11 April, 2011

Grand National compared to bullfighting after two horses die & less than half of field finish race:

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Only 19 out of 40 starters completed the 2011 Aintree Grand National
The Aintree Grand National has been called many things in it's 125 years history.  However; I have never heard compared to Spanish bullfighting.  That is until after Saturday's 2011 Grand National.  Aintree will have to review safety after two horses died in sweltering heat and over firmer ground than usual.  
The annual controversy over the dangers of the meeting intensified further after a jockey riding in the Maghull Novices' Chase – a race that did not feature the National fences – was put in a medically-induced coma after sustaining head injuries when his horse fell at the first fence earlier on Saturday.
The National, run over ground officially described as "good, good-to-soft in places", was won by Ballabriggs in nine minutes and one second, making it the second fastest ever. The speed at which the horses travelled increased the likelihood of injuries.  Only 19 of the 40 horses that started the race finished it. Ten fell; five were pulled up; four unseated their riders; and two were brought down by other fallers.
After two deaths; a fence (Becher's Brook) was bypassed for the first time ever
The two horses that died fell during the first circuit of the four - and - a - half - mile race. Ornais fell at the fourth fence, breaking its neck, while Dooneys Gate fell at the sixth, Becher's Brook, breaking its back. Their falls led to both fences being bypassed in the second circuit, the first time such action has been taken in the history of the Grand National.
Ballabrigs wins National but couldn't enter winner's enclosure afterwards
The race also appeared to have taken a heavy toll on Balla - briggs, which was given oxygen and doused with water to cool it down. Its rider, Jason Maguire, had to dismount and enter the winner's enclosure on foot. Three of the first four horses to finish were too exhausted to enter the winners' enclosure and went directly to their stables.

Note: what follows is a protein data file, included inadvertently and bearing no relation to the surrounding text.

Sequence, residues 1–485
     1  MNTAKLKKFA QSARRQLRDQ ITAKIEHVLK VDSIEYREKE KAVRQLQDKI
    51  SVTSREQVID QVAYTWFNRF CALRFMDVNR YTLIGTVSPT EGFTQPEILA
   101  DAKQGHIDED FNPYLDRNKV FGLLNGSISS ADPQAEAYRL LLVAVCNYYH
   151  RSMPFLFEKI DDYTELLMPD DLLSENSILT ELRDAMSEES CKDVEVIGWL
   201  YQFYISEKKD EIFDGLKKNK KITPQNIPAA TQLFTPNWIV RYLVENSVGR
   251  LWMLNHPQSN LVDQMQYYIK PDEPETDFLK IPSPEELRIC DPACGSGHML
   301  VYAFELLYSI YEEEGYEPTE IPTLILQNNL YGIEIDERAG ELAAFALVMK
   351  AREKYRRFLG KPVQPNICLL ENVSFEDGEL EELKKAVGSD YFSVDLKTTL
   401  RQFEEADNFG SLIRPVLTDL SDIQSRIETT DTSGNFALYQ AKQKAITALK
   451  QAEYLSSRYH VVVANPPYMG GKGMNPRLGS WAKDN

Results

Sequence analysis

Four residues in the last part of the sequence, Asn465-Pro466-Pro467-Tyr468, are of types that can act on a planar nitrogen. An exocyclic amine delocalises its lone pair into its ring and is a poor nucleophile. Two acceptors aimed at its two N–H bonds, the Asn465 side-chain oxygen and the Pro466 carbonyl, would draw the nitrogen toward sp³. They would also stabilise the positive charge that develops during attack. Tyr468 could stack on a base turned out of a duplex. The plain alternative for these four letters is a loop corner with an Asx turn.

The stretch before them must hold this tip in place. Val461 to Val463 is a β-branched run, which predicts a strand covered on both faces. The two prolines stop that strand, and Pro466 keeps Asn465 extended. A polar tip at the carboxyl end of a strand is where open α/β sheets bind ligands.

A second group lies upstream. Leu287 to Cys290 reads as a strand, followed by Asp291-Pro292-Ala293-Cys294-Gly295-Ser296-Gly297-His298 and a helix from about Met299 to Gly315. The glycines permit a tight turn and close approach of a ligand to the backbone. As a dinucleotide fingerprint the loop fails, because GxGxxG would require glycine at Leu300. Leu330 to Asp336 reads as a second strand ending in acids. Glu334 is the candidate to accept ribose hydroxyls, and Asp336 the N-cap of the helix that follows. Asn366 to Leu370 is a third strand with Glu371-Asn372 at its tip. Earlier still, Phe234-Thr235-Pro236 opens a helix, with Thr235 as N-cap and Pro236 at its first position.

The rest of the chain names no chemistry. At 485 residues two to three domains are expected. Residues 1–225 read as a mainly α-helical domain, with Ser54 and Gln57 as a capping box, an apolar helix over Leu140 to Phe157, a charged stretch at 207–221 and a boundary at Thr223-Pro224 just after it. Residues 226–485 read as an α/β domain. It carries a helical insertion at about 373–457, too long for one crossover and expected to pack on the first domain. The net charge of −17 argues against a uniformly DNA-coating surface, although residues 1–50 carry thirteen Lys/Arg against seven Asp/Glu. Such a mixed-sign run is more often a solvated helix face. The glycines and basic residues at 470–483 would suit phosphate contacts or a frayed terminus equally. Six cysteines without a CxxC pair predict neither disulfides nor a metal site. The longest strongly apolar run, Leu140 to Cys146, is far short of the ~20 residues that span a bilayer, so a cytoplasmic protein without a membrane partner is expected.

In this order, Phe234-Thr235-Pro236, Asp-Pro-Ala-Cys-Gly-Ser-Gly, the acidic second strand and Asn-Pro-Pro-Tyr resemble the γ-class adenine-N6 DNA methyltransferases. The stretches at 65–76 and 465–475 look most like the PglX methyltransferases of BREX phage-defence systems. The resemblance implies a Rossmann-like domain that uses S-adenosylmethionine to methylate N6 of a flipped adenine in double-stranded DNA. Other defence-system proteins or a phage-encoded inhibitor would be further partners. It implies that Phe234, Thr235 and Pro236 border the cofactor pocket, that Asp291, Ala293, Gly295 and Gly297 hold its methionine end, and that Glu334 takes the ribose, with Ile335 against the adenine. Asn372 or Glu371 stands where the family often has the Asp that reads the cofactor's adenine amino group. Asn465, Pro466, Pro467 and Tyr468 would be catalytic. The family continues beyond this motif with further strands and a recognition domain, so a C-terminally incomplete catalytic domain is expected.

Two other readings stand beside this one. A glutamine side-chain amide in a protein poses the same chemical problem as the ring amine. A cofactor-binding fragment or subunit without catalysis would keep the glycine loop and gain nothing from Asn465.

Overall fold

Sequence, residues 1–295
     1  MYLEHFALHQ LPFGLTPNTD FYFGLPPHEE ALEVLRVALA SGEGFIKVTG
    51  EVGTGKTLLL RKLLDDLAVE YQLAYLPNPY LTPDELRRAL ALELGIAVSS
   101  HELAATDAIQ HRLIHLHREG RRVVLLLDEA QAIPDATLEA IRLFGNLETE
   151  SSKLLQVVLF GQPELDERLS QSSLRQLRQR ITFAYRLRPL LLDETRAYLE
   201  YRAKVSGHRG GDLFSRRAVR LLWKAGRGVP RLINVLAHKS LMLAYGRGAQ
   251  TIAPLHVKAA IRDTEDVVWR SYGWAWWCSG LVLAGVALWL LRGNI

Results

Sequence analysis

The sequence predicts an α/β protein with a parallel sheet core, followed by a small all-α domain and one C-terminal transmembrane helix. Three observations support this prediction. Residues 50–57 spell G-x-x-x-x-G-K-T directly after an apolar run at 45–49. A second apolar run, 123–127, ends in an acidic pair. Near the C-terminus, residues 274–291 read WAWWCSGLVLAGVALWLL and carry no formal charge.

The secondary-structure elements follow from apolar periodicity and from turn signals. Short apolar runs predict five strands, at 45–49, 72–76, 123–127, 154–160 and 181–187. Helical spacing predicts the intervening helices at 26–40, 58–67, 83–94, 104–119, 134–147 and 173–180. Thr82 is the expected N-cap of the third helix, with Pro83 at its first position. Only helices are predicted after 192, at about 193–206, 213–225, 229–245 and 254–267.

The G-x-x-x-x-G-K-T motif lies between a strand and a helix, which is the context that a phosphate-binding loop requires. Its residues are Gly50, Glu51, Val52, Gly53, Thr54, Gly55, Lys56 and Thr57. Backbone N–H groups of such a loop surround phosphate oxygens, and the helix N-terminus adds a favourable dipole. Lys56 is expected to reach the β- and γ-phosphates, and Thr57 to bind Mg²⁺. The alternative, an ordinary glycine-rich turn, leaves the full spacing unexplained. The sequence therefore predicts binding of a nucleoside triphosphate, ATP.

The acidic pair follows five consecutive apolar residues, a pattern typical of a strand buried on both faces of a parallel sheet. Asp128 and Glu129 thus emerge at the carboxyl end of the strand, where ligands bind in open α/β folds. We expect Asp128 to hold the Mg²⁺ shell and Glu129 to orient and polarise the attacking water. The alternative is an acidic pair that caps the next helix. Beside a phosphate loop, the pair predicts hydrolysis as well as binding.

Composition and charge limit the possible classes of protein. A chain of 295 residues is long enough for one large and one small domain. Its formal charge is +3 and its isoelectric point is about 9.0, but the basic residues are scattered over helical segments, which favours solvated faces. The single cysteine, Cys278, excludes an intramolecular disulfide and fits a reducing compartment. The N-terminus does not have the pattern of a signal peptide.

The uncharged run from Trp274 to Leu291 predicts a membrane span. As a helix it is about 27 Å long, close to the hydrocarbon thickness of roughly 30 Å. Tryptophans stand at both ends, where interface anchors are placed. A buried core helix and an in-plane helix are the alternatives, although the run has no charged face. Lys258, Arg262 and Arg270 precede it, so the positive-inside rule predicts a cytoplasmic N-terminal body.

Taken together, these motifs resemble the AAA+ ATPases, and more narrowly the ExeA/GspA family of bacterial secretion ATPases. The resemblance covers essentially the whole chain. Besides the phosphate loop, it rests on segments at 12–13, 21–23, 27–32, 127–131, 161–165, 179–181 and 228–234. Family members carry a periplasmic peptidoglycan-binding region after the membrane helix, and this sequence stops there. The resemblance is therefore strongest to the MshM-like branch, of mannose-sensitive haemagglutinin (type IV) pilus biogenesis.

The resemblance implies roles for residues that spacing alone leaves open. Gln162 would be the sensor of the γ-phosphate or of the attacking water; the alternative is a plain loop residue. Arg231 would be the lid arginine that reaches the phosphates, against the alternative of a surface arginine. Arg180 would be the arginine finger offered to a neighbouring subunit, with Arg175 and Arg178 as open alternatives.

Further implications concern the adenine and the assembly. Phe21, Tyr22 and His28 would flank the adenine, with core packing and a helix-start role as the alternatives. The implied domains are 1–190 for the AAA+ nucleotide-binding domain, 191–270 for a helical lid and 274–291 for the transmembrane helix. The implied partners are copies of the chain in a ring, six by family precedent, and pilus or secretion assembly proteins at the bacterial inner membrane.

The protest group Animal Aid, which pointed out that 20 horses have died on the Grand National course since 2000, called for the event to be banned, saying it "should have no future in a civilised country". Its director, Andrew Tyler, said: "When horses are killed at the Grand National meeting, their deaths are not accidents but entirely predictable. The public has been conned into believing that the Grand National is a great sporting spectacle when, in reality, it is straightforward animal abuse that is on a par with Spanish bullfighting."
The Royal Society For the Prevention of Cruelty to Animals  (RSPCA) has confirmed that it will conduct a full investigation into the events (and particularly the circumstances surrounding the two horse deaths) which took place during Saturday's race.  I hope that no stone will be left un-turned and no disciplinary matters unadressed.  The fact that the Grand National is the richest (and most betted on) race in the World; means my hope will most likely be un-realised because:  Falls = Drama; Drama = Big Audiences; Big Audiences = Big Money.
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